The second-ranking leader of Al Qaeda warned of gruesome new terrorist attacks on the US and Britain "until all your infidel armies leave Prophet Mohammad's lands." In a videotape broadcast on al-Jazeera, the Arabic satellite news channel, Ayman al-Zawahiri said there is "no way out" for the US except by immediate withdrawal from Iraq, Afghanistan, and all other Islamic countries. He warned of "tens of thousands" of additional deaths and "more destruction" as long as Western governments ignore a "truce" offered in April 2004 by Osama bin Laden. Zawahiri spoke from hiding and referred to the London subway bombings of July 7, suggesting that the tape may have been recorded in recent days.
Negotiations over North Korea's nuclear ambitions ground toward an 11th day with little apparent hope of a breakthrough as the communist nation refused to abandon any of its related programs. The six participating nations, meeting in Beijing, failed again Thursday to agree on the language of a statement of principles for future rounds of talks. Reports said the North was demanding that the statement mention only its "nuclear weapons and nuclear weapons program." But the US said it must include references to all programs that could be diverted to weapons use.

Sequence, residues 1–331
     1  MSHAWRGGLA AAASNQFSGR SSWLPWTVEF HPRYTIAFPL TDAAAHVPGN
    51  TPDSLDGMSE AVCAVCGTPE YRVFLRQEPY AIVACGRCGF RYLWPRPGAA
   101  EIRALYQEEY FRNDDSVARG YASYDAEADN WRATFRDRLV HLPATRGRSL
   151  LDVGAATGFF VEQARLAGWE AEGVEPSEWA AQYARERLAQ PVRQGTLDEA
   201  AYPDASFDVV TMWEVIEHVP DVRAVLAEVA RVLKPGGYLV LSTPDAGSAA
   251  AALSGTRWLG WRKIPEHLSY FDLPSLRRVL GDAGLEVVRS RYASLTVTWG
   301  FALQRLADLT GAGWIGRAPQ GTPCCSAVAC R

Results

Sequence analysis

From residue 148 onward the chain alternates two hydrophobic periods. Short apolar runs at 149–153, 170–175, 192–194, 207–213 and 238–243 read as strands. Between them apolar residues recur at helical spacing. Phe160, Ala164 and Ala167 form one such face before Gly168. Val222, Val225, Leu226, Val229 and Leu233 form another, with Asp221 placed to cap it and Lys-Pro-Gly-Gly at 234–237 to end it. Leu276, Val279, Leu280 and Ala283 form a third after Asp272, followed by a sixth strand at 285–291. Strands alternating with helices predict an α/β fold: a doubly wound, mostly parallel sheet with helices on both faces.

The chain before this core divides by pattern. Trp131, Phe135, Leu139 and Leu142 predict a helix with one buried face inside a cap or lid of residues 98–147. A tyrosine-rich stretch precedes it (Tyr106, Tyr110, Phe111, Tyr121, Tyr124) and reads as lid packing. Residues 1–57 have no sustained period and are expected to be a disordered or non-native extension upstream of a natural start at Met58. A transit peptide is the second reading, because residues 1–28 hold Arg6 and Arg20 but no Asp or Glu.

Hospitals were reported full of victims of the violence in Sudan's capital, and police were cracking down on participants in the rioting that has wracked it for three days in the wake of Vice President John Garang's death in a helicopter crash. At least 111 people were killed and about 300 others were hurt in three straight days of rioting by Garang's angry followers. More than 1,400 suspects were arrested. The situation in Juba, southern Sudan's major city, was similar, with 13 more deaths and Arab-owned shops in ruins.
The military junta that seized power in Mauritania Wednesday said it would run the country for no more than two years, but the pledge failed to impress other African governments, the US, and the UN. All of them condemned the coup that ousted President Maaouya Ould Sid Ahmed Taya, whose government had maintained close relations with the US and had extended diplomatic recognition to Israel. But the coup appeared popular with ordinary Mauritanians, and the capital, Nouakchott, was calm.